Then Comes the But

Someone I love dearly was trying to compliment me some days ago. It started out so well, “Your hair looks really nice today, but…” Now, I’ve learned to really hear the first part of what he says, because that’s where the gold is. The second part is where he sometimes loses sight of his original intention.

But usually, it looks like you just came out of the barn, which is kind of true I guess…”

I laughed a little, and shrugged, “I just brushed it. Which I do everyday.”

“Yeah, yeah, it looks nice but…

Another but…

“you should brush it more often.”

Why does there have to be a but after a compliment? I heard once that everything you say after “but” is all someone hears/absorbs. When I heard that message (I think at church, but I could be mistaken) I purposed in my heart to listen different. Instead of letting the but hurt my feelings, I decided to really hear the first part and let the rest of it slide like water off a duck’s back.

Most of the time, it works.

As I listened to my Dad with his compliment-but routine, I just kind of laughed to myself. He’s been communicating like that for years. The but part used to hurt my heart badly and I never caught what came before. I’m thankful that has changed.

I then thought about how I communicate with my kids, and whether or not I insert a but at the end of every nice thing I try to say. No way, right?

“Thanks for taking out the trash but next time…”

“You did good on that assignment, but…

“Thanks for washing the dishes, but…

“Look you got yourself dressed! But…

“Thank you for getting up on time, but…

“You’ve been really responsible today, but…

I love you and I see you and I see you’re trying but you are just not quite meeting my expectations. You just fall short. Just try a little more. Give a little more. Do a little more.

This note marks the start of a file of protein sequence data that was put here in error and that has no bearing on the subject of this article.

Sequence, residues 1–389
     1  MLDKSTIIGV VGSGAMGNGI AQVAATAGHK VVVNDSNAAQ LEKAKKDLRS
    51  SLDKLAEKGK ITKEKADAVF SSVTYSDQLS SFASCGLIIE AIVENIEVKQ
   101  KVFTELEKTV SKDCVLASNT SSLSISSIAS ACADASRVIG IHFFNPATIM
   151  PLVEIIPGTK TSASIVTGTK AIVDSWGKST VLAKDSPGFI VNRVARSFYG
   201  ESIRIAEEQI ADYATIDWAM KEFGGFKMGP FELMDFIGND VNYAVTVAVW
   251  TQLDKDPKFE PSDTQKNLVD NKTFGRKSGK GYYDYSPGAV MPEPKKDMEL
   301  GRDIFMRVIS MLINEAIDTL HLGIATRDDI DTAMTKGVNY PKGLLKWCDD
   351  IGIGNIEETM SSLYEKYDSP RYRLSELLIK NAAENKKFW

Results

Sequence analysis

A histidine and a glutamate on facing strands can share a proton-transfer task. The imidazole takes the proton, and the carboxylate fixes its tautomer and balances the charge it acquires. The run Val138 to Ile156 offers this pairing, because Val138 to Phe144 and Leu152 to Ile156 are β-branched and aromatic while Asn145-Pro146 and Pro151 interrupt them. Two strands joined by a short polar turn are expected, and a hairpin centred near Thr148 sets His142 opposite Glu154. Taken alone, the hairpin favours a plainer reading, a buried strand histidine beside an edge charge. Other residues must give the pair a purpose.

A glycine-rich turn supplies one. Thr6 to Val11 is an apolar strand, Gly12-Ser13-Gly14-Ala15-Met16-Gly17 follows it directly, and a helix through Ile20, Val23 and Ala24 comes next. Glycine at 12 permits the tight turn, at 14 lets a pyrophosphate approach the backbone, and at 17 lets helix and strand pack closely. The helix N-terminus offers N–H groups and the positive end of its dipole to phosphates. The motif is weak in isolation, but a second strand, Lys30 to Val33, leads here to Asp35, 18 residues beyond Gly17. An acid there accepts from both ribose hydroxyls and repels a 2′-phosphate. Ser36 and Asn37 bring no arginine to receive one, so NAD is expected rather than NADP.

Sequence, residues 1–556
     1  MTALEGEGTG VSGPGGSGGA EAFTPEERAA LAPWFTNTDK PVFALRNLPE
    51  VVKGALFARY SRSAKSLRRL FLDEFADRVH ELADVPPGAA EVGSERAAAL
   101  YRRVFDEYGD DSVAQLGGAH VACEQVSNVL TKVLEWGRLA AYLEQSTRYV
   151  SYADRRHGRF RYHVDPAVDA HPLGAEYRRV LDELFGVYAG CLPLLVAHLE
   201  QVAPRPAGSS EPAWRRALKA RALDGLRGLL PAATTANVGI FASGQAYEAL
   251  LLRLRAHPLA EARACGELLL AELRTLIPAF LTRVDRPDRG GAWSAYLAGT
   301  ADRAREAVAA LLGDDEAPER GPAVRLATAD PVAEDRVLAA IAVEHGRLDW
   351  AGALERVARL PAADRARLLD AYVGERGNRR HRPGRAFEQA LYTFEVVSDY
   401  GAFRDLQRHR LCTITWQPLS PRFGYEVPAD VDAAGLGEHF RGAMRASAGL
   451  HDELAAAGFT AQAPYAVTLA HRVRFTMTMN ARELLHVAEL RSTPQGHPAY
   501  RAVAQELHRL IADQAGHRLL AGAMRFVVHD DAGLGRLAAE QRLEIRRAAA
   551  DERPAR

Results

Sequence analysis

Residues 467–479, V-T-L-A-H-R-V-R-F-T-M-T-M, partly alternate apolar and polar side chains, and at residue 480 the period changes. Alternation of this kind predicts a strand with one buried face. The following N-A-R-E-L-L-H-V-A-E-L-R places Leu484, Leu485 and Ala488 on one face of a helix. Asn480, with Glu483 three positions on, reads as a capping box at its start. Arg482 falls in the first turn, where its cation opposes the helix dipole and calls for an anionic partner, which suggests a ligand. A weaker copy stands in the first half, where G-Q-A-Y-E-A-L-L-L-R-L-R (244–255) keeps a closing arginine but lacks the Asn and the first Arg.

What kind of mental/emotional/achievement economy am I setting up here? One where they just can’t quite reach the bar labeled The Standard? Where they are always just a little bit lacking?

Goodness, that is not my intention. That’s the trouble with intention vs. action though – sometimes we have to examine where our actions have split at a fork in the road and are betraying our intentions – because it was easy, we just didn’t think about it, we are trying to offer helpful advice, or a myriad of other reasons. Our actions don’t always easily line up with our intentions. Sometimes we have to really focus on the gap between and draw our actions in to match what our intentions really are.

So I do the same thing to my kids, what about my husband?

“I appreciate how hard you work but…

“Thanks for taking care of the yard but…

“Thanks for bringing me home a treat but…

It’s a pervasive little word that really does cancel out the nice thing you are trying to say. So this week, I’m going to focus on eliminating the but in my words. I’m going to try to offer genuine praise and appreciation, without telling anyone how they could do better next time. I don’t want to create an achievement economy that says there is never enough you can do in a day/week/month.

Until next time,
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A Prayer to Share:

Dear God,

Adding a but after the things we say really cancels out the good we started out with. Please help us develop the ability to put the but aside. To offer genuine praise and encouragement to those around us. Help us to focus on building up and not tearing down – and reveal to us and in us the little things that we may not think matter, but that really do.

In Jesus’ Sweet name, Amen.

No Longer Competing

I’ve seen posts, read memes, and watched lessons from women, to women, about not competing with other women. It resonated with me and I often felt like “I got it” – as in the message overall.

I got it, that is, until I felt like I was put in competition with another woman. Through choices not my own, and secrets I discovered unexpectedly, I was at odds with a woman I didn’t even know. At the moment I was most consumed, I wanted to be just like her. At the moment I was fighting the hardest, I wanted to be exactly the opposite of her. Regardless, I wanted the attention she was receiving, because to me it was supposed to be the attention I was receiving.